Johnny Depp’s former agent describes reputation, unprofessional behavior – The Hollywood Reporter

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Johnny Depp's former agent describes reputation, unprofessional behavior - The Hollywood Reporter

Johnny Depp’s former agent opened up on Thursday about the destruction of the actor’s career and reputation as a result of his problems with alcohol and drugs.

United Talent Agency’s Tracey Jacobs told jurors in Depp’s ongoing defamation trial of ex-wife Amber Heard that the actor has gone from “the biggest star on earth” to a liability that studios are wary of due to his “unprofessional conduct”.

Jacobs testified that Depp became notorious for regularly showing up late to set and delaying filming. At one point, the actor had to start wearing an earphone to get his leads fed to him.

“His star was dimmed because it was getting harder to get him jobs given the reputation he’d built for being late and other things,” Jacobs said, adding that “people were talking about his substance abuse.”

The testimony squarely contradicted one of Depp’s key allegations against his ex: that Heard wrote in a December 2018 comment The Washington Post led to him being boycotted by Hollywood. He claimed he was cut off from the Pirates of the Caribbean franchise shortly after the publication of the column — which didn’t specifically name him but described “domestic abuse” in a time frame consistent with their marriage.

On Thursday, Jacobs detailed Depp’s immense popularity before his problems, which she blamed on alcohol and drug use, became a deal-breaker for studios.

Depp received $25 million in upfront backend compensation for starring in 2017 Pirates of the Caribbean: Dead Men Tell No Tales, according to Jacobs. She said his deal for Murder on the Orient Expressreleased the same year, grossed him “$5 million for four consecutive weeks [of work] plus a great backend that he later got paid a lot of money for.”

When asked if Depp has been in a major movie since Depp fired her in 2016, Jacobs said he had been considered The Invisible Man but that Universal ended up making it “at a much lower budget with a woman.”

“At first the crews loved him because he was always so great [them]Jacobs said from the stands, “but crews don’t like to sit around for hours waiting for the star of the movie to show up. Word has gotten around town too. people talk. It’s a small community. It made people reluctant to use him towards the end.”

Tina Newman, Disney executive producer, denied Depp’s alleged injuries as a result of Heard’s comment and testified that she was unaware that the column played a role in the company’s decision not to proceed with another installment in the pirates Franchise. She pointed to emails between Disney executives Sean Bailey, Alan Horn and Alan Bergman discussing issues with Depp on and off set.

Depp’s current agent, Jack Whigham, previously testified that Depp would be paid $22.5 million to reprise his role as Jack Sparrow in the sixth film pirates film, but that Disney went in a different direction after Heard’s comment.

After his role as the evil wizard Gellert Grindelwald in Warner Bros.’ Fantastic Beasts Since the franchise is being recast, Depp hasn’t appeared in any major studio films. his latest movie Minamata, secured a US theatrical release a year after the originally planned date. Director Andrew Levitas complained that MGM, which held the North American rights to the film, would be buried Minamata because of the abuse allegations against Depp.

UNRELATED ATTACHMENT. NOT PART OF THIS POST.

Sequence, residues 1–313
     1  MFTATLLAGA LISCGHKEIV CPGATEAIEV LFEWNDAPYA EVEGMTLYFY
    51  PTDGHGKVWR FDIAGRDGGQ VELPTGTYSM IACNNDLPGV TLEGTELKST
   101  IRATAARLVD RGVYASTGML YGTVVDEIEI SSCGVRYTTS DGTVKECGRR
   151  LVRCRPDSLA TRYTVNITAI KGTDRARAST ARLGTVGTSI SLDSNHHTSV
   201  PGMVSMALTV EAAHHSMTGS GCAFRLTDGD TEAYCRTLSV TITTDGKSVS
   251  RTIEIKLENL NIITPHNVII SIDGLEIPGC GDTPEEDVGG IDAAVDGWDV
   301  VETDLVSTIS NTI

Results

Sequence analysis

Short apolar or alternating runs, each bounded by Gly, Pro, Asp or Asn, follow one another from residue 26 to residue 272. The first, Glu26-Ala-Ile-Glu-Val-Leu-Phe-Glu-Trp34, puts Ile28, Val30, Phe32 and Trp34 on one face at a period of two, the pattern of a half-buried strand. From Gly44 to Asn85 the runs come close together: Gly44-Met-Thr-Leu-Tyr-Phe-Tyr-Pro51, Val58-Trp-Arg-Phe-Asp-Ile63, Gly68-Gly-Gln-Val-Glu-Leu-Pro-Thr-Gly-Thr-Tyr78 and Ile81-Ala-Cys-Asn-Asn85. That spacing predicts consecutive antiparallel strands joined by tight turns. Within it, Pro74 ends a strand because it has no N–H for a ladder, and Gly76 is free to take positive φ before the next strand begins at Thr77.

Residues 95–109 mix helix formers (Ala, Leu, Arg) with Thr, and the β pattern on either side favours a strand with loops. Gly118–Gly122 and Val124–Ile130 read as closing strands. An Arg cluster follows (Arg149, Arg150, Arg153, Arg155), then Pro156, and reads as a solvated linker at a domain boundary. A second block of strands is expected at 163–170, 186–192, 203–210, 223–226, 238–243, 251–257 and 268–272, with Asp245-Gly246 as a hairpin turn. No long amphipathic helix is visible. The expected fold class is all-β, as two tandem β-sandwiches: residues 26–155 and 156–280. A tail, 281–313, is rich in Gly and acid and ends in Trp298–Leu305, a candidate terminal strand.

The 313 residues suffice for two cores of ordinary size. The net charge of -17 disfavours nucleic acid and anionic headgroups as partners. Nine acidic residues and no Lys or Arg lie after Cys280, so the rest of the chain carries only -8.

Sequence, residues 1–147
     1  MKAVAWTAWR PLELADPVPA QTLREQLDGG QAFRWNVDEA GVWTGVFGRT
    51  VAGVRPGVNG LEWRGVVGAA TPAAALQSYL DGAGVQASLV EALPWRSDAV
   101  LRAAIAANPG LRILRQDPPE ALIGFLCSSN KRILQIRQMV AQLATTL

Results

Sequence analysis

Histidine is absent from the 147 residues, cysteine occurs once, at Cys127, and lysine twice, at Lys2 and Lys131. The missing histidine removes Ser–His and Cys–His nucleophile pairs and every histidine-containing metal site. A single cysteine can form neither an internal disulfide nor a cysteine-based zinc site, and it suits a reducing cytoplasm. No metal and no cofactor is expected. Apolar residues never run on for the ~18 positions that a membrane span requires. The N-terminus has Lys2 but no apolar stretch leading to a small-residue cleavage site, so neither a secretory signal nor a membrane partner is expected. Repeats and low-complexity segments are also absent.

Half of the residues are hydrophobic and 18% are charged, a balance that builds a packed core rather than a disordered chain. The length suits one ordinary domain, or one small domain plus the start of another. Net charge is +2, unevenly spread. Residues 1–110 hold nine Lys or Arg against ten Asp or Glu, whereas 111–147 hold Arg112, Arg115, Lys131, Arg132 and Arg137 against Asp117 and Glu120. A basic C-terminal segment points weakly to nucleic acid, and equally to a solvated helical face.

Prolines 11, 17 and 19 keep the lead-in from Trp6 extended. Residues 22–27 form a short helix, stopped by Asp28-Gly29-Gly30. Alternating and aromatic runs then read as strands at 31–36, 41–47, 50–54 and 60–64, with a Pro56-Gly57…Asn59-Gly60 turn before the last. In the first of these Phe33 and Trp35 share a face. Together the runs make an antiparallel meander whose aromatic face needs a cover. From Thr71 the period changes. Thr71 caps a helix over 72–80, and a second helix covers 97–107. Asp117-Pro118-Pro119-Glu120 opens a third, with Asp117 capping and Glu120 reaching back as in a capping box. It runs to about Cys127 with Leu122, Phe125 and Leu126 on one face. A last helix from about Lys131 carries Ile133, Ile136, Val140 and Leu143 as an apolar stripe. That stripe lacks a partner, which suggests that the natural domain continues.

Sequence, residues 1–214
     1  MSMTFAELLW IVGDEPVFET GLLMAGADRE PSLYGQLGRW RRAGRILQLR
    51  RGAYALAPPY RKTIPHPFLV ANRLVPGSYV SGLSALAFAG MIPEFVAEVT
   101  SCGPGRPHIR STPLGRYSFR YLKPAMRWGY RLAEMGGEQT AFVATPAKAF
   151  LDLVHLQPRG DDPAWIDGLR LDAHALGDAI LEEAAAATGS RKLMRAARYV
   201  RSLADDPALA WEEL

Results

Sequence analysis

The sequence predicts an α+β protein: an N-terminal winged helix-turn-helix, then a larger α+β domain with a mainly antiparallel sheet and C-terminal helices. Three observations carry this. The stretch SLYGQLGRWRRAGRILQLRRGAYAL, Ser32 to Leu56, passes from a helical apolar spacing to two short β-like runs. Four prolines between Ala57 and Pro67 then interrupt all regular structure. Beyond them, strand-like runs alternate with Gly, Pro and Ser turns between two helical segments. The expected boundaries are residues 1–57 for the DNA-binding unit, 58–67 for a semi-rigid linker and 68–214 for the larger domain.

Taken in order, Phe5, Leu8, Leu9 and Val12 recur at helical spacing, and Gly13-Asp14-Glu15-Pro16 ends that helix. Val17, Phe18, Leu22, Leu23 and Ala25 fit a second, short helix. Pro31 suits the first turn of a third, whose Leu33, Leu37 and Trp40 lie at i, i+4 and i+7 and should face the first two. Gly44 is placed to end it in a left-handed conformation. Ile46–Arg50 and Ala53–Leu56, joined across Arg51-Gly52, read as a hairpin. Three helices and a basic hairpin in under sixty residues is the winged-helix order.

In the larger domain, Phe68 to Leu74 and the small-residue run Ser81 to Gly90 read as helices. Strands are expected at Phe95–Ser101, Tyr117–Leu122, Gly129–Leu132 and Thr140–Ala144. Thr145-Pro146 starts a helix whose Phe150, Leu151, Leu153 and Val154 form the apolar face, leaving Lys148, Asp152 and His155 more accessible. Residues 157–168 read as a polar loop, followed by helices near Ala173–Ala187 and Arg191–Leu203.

The jury was also shown the testimony of Adam Waldman – one of Depp’s attorneys who was thrown out of the case after leaking information protected by a protective order to the press – regarding his role in an alleged slander campaign that Depp later launched against Heard She publicly claimed that he had abused her.

Heard’s attorneys tried to get Waldman to admit to making statements to the press on Depp’s behalf alleging that Heard’s allegations of abuse were a hoax, but he was able to largely evade the questions by invoking attorney-client privilege .

In a statement to The Daily Mail, Waldman claimed that Heard “Mr. Framed Depp by calling the police,” referring to a law enforcement visit to the couple’s home, after which Heard declined to press charges of domestic violence against Depp. In another, he said, “We’ve reached the beginning of the end of Ms. Heard’s abuse scam against Johnny Depp.”

When asked if he had reason to believe Heard was lying, Waldman referred to witnesses who, following an incident in May 2016 in which Depp allegedly threw a phone at Heard, “testified in various forms at various times, that she had no injuries on her face”. and hit her. Depp has argued that Heard faked her injuries, which were used to obtain a domestic violence restraining order.

Waldman added that videos and photos provided to him by Marilyn Manson, a close friend of Depp’s, “disrupted” Heard’s claim that the actor hit her on Thanksgiving in 2013.

The jury also heard testimony from Joel Mandel, the former CEO of Depp. He described the actor’s financial collapse after his spending became “unsustainable”. This followed a statement by Jacobs in which she recounted a case in 2016 in which Depp demanded $20 million from UTA, which agency partners Jeremy Zimmer and Jim Berkus denied. UTA then secured him a loan.

Depp sued Mandel and his other former managers for $25 million in 2017, accusing them of stealing money from him. Joel and Robert Mandel’s The Management Group countered, claiming that Depp spent millions of dollars on multiple homes, wine and private jets, among other expenses they told him he couldn’t afford. (The cases were settled in 2018.)

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